Regulation Roundup

The latest goings-on in the world of regulation:

Friends-of-CEI Susan Dudley and Jerry Brito are authors of the new second edition of their book Regulation: A Primer. I finished it yesterday, and highly recommend it to anyone interested in the topic. The book covers the different types of regulation, the rationales for regulation, and most importantly for would-be reformers, the regulatory process. You can download an unpriced PDF copy at the link.

North Haven, Connecticut doesn’t allow livestock to live on properties smaller than 2 acres. That’s why one overzealous zoning official wants the Lidsky family to give up their pet rabbit.

Reason’s Mike Riggs with the 5 dumbest drug laws in America.

In Iceland, parents must pick their child’s name from a government-approved list. One condition is that another Icelander must have had the same name. You can view the list here.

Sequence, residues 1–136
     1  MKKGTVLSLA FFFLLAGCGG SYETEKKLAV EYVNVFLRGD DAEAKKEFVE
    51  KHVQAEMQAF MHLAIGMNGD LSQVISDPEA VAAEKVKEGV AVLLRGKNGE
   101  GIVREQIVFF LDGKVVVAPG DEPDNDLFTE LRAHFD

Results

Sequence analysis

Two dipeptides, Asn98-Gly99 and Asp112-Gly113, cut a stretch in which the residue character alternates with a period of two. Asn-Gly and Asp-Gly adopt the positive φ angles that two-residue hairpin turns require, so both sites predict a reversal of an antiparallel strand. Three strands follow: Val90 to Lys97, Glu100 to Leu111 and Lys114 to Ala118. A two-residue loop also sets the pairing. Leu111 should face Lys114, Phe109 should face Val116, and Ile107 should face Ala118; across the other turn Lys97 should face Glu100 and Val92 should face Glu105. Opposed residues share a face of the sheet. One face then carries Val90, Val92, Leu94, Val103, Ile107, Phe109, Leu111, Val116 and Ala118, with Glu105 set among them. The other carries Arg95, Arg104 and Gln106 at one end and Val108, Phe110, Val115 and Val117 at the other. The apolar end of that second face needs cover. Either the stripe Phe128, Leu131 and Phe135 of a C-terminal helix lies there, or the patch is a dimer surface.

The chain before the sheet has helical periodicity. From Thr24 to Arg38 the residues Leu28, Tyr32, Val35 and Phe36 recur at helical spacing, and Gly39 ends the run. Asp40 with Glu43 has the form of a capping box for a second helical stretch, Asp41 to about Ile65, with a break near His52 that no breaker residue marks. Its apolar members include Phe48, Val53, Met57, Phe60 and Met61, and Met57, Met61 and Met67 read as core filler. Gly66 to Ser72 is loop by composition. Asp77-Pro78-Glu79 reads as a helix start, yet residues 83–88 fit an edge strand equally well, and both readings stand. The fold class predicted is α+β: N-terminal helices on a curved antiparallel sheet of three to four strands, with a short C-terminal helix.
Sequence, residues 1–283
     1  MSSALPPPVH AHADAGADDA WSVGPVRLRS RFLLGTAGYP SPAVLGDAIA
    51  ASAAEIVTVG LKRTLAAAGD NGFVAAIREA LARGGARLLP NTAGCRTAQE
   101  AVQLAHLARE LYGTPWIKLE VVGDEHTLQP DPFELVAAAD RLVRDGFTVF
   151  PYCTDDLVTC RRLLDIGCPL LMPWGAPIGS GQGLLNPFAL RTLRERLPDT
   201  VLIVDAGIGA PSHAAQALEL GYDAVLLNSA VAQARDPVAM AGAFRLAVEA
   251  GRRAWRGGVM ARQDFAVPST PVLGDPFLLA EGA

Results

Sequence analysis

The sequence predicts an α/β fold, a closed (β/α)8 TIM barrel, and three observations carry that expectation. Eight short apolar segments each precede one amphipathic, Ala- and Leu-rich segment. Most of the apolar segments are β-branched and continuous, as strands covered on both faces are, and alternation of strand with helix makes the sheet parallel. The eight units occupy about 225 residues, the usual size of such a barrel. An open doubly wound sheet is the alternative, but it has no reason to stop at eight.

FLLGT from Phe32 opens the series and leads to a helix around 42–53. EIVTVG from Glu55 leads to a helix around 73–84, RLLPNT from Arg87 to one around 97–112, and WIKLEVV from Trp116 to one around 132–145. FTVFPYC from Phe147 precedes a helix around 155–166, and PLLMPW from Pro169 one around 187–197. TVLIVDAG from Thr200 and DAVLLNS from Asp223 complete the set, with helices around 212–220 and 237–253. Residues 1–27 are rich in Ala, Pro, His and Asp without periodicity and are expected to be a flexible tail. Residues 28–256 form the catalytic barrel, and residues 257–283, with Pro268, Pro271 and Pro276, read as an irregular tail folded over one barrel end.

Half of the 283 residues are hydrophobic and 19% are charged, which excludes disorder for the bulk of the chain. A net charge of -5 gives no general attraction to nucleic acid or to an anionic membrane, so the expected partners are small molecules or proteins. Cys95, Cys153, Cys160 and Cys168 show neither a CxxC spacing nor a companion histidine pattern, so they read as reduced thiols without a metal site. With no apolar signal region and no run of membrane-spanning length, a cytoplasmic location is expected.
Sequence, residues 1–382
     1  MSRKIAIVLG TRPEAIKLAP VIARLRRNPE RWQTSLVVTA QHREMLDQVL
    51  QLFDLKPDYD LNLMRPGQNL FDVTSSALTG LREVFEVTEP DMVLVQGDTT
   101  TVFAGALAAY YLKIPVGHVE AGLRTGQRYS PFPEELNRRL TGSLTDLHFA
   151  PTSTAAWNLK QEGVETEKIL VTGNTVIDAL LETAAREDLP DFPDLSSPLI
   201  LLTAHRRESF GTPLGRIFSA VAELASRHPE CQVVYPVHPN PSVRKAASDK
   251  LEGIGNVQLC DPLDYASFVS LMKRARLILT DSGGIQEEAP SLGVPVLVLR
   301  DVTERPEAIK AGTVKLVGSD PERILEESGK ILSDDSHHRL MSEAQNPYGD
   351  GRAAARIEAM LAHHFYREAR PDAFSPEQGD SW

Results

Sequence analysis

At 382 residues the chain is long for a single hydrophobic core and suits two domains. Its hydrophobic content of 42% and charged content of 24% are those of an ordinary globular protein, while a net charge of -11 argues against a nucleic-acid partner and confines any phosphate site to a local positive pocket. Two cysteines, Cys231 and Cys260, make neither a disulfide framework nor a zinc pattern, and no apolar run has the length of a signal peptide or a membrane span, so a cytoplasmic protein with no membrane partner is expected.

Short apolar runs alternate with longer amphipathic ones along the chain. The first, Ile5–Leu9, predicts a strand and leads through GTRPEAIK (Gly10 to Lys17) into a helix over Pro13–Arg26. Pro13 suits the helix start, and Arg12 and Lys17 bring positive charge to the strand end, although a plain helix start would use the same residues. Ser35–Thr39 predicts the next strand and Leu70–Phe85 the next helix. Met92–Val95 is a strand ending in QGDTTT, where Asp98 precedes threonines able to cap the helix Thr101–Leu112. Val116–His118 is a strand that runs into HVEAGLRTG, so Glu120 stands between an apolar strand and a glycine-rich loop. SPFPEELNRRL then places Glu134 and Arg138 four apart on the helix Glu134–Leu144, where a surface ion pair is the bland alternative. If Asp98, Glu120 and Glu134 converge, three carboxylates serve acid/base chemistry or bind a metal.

An Arizona woman was told to stop handing out bottled water on a 112-degree day because she didn’t have a permit. The woman is thinking of suing.

Chattanooga does not like pedicabs. Eleven pages of new regulations cap their number at six, and institute strict equipment and licensing requirements. From the news story: “When asked what he’d tell another entrepreneur considering starting a business in Chattanooga, Thoreson replied, ‘Stay the hell away.’”

In the UK, you must have a liquor license to sell alcohol. One clever entrepreneur is giving it away for free in his “furniture store,” encouraging tipplers to browse his wares and buy £2.75 beer mats. By giving beer away, he isn’t technically selling any alcohol, so he argues that he doesn’t need a permit. Angry officials had no choice but to cede the point, but will likely amend the law.


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